That is not much, and you've probably reached the limit of what you can squeeze out of such hardware.

 

I believe the Xmega's have DMA, maybe you can use that to lower the interrupt rate.

 

In this thread:

https://www.avrfreaks.net/comment/2421756#comment-2421756

I explained one of the debugging techniques I use as a combination of software and a cheap Logic Analyser.

Part of it is continuously toggling  a pin while the CPU is idle. Whenever the CPU is "busy" the pin stops toggling.

Also outputting some data on pins dedicated to debugging can give a lot of usefull timing related information of what is really going on under that little black hood of your uC.

Paul van der Hoeven.
Bunch of old projects with AVR's:
http://www.hoevendesign.com

Last Edited: Mon. Mar 19, 2018 - 11:12 AM
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This is a very bad idea when trying to get as many interrupts out of your uC as possible. Instead of missing some interrupts during a too high load, you risk a stack overflow if the registers pushed during interrupt entry do not get popped of the stack.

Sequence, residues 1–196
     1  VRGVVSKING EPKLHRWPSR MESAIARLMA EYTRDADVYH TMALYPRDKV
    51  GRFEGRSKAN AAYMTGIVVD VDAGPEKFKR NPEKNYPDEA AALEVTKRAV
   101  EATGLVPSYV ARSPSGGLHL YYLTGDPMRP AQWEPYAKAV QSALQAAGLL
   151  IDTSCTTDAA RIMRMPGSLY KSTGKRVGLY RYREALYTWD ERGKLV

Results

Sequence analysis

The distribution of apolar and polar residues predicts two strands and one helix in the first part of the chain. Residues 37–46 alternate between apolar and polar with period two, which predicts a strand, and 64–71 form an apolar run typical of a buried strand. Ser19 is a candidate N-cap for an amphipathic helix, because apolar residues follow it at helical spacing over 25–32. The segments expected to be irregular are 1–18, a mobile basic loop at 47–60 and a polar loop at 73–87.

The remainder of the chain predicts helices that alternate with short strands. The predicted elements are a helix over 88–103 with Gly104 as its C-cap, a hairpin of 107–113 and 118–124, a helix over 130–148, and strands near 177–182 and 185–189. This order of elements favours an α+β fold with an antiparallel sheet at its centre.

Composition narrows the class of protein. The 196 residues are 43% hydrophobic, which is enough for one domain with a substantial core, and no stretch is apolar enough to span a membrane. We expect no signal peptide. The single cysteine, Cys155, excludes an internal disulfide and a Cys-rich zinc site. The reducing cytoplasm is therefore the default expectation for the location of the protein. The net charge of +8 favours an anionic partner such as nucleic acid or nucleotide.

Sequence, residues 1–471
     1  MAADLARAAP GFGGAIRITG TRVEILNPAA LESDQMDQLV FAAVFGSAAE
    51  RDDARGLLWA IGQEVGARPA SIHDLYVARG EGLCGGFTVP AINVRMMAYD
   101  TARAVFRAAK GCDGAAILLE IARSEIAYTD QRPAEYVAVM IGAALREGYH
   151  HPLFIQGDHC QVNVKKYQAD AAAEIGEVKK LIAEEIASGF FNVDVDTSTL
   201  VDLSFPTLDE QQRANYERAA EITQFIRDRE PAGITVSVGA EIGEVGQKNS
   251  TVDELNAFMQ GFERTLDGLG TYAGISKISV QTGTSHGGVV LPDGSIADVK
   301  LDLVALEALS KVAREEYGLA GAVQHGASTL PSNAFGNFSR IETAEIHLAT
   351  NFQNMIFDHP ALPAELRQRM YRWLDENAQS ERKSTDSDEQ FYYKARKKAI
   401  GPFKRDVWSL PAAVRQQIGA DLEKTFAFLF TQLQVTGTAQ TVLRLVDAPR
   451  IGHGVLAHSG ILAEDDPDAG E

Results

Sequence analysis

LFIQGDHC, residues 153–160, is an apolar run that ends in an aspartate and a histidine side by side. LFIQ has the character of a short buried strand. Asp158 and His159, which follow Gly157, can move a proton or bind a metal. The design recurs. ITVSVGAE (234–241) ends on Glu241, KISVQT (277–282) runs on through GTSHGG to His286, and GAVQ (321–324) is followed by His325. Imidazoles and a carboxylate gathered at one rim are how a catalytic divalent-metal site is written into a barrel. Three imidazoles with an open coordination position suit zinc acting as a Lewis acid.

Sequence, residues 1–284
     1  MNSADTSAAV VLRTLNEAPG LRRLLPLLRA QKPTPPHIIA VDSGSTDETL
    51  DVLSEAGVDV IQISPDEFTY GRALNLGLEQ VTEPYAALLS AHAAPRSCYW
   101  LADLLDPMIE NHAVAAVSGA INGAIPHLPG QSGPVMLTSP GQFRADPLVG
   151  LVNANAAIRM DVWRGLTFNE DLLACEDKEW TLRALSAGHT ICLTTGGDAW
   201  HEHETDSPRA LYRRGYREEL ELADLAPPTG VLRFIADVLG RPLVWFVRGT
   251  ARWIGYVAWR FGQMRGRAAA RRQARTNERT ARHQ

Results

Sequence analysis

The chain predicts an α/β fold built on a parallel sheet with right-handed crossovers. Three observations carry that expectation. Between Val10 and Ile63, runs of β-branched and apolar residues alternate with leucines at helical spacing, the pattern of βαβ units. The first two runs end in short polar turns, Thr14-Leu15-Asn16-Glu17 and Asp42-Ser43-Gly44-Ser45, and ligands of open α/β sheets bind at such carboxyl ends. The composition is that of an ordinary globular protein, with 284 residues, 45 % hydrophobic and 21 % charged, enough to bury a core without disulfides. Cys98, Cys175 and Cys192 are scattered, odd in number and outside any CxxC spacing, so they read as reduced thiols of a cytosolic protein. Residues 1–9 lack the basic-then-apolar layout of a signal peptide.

Incorrect.

 

The AVR guarantees that at least one instruction will be executed after an sei (actually, after the I bit is set by any means).  As such, the RETI immediately following the SEI is guaranteed to run, and the stack is therefore at no risk of overflow.

 

The real risk is that the code which was interrupted can get starved if there are consistently pending interrupts waiting to be serviced.  Under normal circumstance, the interrupted code would get at least one instruction in between invocation of any pending interrupt's ISR.

 

I fear you mistaken @sparrow2 for a newbie ;-)  Rest assured he knows what he's doing.

"Experience is what enables you to recognise a mistake the second time you make it."

"Good judgement comes from experience.  Experience comes from bad judgement."

"When you hear hoofbeats, think horses, not unicorns."

"Fast.  Cheap.  Good.  Pick two."

"Read a lot.  Write a lot."

"We see a lot of arses on handlebars around here." - [J Ekdahl]

 

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There are several things that affect the interrupt execution speed: